Improving the achievements of non-traditional students on computing courses at one wide access university
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AbstractThis longitudinal study set out to improve the retention and achievements of diverse students on computing courses in one wide access university, firstly by early identification of students at risk of poor performance and secondly by developing and implementing an intervention programme. Qualitative data were obtained using the ASSIST questionnaire, by focus group discussions and an open-ended questionnaire on students’ experiences of the transition to higher education (HE). Quantitative data on student characteristics and module results were obtained from Registry. Statistical analyses were performed using SPSS version 10. The study comprised two phases where phase one sought to enable the early detection of students at risk of poor performance by investigating the data set for patterns that may emerge between student achievement at Level 1 and entrance qualification, feeder institution, approaches to learning, conceptions of learning, course and teaching preferences and motivation. Phase one findings showed a trend of poorer performance by students who entered computing courses in HE with an AVCE entrance qualification. It was also shown that mature students scored more highly on the deep approach scale compared to their younger counterparts. Phase two investigated the data set for patterns that may emerge between student achievement at Level 2 and entrance qualification, approaches to learning, conceptions of learning and course and teaching preferences. Phase two, using action research, also sought to develop an intervention programme from the findings. This intervention programme was designed to improve aspects of information delivery to students; the personal tutor system, assessment régimes, Welcome Week, and teaching and learning. Piloting, evaluation and refinement of the intervention programme brought changes that were seen as positive by both staff and students. These changes included the Welcome Week Challenge which involved students in activities that sought to enhance students’ interactions with peers, personal tutors and the school and university facilities. These findings have shown that, for staff in wide access HE institutions, some knowledge of the previous educational experiences of their students, and the requirements of those students, are vital in providing a smooth transition to HE. A model of the characteristics of a successful student on computing courses in HE and a model for enhanced retention of diverse students on computing courses in HE were developed from the research findings. These models provide a significant contribution to current knowledge of those factors that enhance a smooth transition to HE and the characteristics of a successful student in a wide access university.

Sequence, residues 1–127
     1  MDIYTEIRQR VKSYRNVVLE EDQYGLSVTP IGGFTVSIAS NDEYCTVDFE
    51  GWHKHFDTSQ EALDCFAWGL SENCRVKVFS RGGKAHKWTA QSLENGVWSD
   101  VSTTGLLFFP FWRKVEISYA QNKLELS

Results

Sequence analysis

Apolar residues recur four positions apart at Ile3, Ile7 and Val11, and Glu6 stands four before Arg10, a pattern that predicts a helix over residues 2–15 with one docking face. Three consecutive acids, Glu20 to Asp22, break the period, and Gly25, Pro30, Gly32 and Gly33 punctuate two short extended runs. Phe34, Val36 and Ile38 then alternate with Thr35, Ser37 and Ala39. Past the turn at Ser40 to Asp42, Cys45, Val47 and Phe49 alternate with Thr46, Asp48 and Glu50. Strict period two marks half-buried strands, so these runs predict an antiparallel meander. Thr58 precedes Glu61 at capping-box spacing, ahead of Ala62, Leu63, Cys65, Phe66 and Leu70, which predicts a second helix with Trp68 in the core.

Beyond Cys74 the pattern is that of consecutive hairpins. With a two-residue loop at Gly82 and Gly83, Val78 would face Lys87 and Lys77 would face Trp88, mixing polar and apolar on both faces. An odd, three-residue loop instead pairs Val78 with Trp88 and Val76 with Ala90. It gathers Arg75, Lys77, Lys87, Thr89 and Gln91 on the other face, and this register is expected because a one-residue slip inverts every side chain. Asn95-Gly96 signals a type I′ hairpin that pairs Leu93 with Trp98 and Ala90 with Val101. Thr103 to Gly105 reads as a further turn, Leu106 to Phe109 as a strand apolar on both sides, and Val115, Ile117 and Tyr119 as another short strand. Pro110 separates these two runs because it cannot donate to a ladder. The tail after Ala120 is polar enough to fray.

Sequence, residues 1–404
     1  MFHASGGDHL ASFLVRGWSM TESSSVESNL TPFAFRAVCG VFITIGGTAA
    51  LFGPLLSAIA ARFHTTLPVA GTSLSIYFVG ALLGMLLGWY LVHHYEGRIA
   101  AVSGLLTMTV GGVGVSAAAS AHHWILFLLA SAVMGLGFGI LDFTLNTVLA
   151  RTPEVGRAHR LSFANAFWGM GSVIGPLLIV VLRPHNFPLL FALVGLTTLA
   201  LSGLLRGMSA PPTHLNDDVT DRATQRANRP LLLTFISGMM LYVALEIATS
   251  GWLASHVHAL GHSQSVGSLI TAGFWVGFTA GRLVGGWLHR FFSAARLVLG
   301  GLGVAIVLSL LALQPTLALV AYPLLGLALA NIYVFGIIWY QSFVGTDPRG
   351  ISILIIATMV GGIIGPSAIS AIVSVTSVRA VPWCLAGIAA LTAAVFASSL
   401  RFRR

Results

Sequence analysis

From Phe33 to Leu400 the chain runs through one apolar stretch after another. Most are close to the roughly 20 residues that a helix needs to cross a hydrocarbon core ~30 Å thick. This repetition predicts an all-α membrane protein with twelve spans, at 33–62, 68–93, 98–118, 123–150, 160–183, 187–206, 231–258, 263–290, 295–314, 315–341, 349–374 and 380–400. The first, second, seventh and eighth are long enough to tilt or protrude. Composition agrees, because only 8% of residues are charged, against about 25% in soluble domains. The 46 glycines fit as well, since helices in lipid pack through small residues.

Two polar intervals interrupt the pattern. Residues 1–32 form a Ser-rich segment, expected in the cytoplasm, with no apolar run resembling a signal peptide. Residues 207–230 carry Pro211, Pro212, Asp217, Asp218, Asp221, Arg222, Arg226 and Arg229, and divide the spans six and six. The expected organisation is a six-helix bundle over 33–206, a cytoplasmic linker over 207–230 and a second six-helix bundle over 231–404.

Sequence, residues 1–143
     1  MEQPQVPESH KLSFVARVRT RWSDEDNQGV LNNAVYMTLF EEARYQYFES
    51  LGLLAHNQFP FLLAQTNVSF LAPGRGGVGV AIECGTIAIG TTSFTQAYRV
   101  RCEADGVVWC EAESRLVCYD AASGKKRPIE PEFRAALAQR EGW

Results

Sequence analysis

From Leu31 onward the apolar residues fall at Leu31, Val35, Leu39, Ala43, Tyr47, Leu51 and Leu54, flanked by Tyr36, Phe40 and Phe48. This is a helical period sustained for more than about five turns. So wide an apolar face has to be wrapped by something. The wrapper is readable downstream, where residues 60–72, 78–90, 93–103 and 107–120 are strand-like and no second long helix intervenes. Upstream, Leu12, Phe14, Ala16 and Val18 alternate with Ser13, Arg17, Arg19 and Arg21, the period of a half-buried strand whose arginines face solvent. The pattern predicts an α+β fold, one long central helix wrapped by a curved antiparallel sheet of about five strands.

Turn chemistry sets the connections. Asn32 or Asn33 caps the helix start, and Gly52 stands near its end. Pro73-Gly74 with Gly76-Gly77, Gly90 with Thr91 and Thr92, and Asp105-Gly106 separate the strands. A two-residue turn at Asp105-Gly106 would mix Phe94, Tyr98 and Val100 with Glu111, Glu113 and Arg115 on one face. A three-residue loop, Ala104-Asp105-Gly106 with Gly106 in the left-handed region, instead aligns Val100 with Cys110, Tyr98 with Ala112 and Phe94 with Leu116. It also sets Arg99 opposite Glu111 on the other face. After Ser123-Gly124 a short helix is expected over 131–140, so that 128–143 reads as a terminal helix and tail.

PublisherUniversity of Wolverhampton
TypeThesis or dissertation
DescriptionA thesis submitted in partial fulfilment of the requirements of the University of Wolverhampton for the degree of Doctor of Philosophy